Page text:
ND installs remote video system at football practice fields
Laura McCrystal | Wednesday, March 9, 2011
Notre Dame began installation Tuesday of a remote video system for its football practice fields, which will eliminate the need for elevated scissor lifts to film practices, according to a University press release.
Junior Declan Sullivan died Oct. 27 after the scissor lift from which he was filming football practice fell. He was a student videographer for the football team.
“I said in the days after Declan’s death that we would do everything in our power to make changes to ensure that such an accident does not happen again — here or elsewhere,” University President Fr. John Jenkins said in the press release. “This system is at the forefront in a completely new and innovative way.”
The University expects the new video system to be in operation at the LaBar Practice Complex when the football team begins spring practice March 23, according to the release.
The system, designed by XOS Digital, will be the first of its kind and include four Panasonic cameras mounted on 50-foot poles, the release said. Three of the poles will stand at the south ends of the three practice fields, with the fourth pole at the north end of field No. 1.
University spokesman Dennis Brown said student videographers would still manually film from the permanent towers and work to edit and produce films.
Brown said Notre Dame began to work with XOS on the new video system in the weeks following Sullivan’s death. The Florida company has installed several systems in Notre Dame facilities in the past 10 years.
“In looking for a way to improve safety in the weeks after the accident, Athletic Department officials asked the experts at XOS Digital about any ideas they might have, particularly in regard to somehow trying to mount a camera on top of a pole that would eliminate the need for hydraulic scissor lifts,” Brown said.
Brown said XOS presented a proposal for the new system in January. Tuesday began the process of installing the cameras, which Brown said are the size of television broadcast cameras, on top of the poles and raising the poles to full height.
The cameras will remain on top of the poles in temperature-controlled units, the press release stated. A fiber-optic network will transmit video to a control room in the Guglielmino Athletic Complex for members of the athletics video services department to edit and produce for players and coaches.
“In bringing its tremendous technology expertise to the table, XOS has worked hand in hand with our football program to form a partnership that now provides a new method of obtaining video materials that our coaches and players utilize,” Notre Dame Director of Athletics Jack Swarbrick said in the release.
Both Notre Dame and the Indiana Occupational Safety and Health Administration (IOSHA) are conducting ongoing investigations into the Oct. 27 accident.
IOSHA’s investigation is still in progress, said Stephanie McFarland, spokesperson for the Indiana Department of Labor.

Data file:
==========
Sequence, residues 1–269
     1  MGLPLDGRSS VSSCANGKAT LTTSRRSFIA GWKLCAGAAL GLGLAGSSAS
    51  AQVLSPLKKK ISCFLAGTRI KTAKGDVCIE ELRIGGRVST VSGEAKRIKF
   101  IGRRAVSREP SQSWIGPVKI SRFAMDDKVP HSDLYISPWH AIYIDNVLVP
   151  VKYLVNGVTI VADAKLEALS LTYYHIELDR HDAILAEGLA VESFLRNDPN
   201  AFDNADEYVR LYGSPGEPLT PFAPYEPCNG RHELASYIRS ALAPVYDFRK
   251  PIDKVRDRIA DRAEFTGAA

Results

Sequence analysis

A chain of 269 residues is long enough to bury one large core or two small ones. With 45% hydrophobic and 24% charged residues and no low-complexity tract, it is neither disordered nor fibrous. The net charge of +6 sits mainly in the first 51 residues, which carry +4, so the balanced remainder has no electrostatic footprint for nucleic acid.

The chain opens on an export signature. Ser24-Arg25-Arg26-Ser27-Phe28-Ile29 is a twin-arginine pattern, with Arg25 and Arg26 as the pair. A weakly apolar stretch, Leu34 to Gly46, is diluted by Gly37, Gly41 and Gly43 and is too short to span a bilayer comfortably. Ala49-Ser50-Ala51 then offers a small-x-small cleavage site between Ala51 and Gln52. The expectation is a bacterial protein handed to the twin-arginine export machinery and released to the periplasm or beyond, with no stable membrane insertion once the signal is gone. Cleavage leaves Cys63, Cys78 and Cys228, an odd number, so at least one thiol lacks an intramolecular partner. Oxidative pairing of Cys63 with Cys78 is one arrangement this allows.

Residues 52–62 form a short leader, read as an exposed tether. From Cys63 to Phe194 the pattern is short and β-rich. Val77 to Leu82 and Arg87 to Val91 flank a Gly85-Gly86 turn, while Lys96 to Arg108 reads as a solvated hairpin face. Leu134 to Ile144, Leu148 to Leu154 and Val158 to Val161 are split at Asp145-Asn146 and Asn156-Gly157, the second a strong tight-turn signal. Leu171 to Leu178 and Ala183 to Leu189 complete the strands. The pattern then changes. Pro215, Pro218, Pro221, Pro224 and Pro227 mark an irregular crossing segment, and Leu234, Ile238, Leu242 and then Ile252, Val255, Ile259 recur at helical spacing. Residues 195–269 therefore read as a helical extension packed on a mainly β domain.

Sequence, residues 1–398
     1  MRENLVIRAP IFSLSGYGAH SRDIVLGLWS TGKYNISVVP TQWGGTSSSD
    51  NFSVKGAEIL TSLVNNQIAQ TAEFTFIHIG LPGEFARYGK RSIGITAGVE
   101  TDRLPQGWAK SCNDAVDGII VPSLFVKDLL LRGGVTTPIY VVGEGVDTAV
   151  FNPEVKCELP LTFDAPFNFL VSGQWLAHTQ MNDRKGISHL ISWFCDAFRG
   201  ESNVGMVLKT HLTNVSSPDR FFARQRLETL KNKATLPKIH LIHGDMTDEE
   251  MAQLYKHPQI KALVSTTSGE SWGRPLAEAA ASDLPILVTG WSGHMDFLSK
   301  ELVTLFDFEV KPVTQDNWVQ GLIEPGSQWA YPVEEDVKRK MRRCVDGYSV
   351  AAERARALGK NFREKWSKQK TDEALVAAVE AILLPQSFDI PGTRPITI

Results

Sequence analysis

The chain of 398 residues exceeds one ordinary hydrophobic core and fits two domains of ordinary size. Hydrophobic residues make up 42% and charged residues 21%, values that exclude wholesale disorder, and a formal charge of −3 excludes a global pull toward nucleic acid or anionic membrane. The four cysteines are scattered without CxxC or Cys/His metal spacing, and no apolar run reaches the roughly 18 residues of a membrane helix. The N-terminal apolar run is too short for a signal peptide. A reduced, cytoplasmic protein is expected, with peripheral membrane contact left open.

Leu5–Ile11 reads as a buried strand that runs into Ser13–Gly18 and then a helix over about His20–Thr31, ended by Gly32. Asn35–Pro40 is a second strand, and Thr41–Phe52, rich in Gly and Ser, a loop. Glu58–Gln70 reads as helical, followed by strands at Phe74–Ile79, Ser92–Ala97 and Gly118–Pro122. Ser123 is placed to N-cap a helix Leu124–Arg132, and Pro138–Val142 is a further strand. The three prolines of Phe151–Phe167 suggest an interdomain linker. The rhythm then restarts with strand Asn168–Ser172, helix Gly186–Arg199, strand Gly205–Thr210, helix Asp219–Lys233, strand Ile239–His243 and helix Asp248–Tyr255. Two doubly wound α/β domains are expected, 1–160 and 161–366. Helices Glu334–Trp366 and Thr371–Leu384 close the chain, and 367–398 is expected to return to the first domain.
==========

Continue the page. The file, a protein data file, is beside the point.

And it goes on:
“Everything is progressing along the investigative line and there is nothing new to report at this time,” McFarland said. “They’re going to go into the organization and they’re going to essentially look at anything and everything within the scope of the law that they’re allowed to look at in relation to the incident.”
IOSHA investigations result in safety orders when appropriate, McFarland said. These orders reveal findings and inform institutions of citations or fines.
McFarland said she is unable to say when IOSHA’s investigation at Notre Dame will be complete.
“The law does not state anything specific to how quickly an investigation should be concluded,” she said. “They just take as long as they need to do [investigations] properly.”
Brown said Notre Dame also does not currently have additional information to release on its own investigation.
Executive Vice President John Affleck-Graves is overseeing the University’s internal investigation, Brown said. This role includes coordinating University personnel and outside experts involved in the investigation.
The University appointed Peter Likins, former president of the University of Arizona and Lehigh University, to conduct the external review of Notre Dame’s internal investigation.
Likins told The Observer in November that his role would include assessing the University’s investigation results.
In addition to creating the remote video system, the release stated that XOS will contribute to the Declan Drumm Sullivan Memorial Fund established by the Sullivan family.
“We appreciate this wonderful contribution by XOS to the Sullivan family’s memorial fund,” Swarbrick said. “Our staff remembers Declan fondly, and our prayers remain with his family and friends.”
Notre Dame officials are working with the Sullivan family to determine how the University can honor Sullivan’s legacy, the release said.
“We are committed to memorializing Declan’s zest for life and presence at Notre Dame in a meaningful and lasting way,” Jenkins said. “Our conversations with his family members will shape Notre Dame’s memorials of Declan in a manner that give authentic and proper tribute to their son and brother.”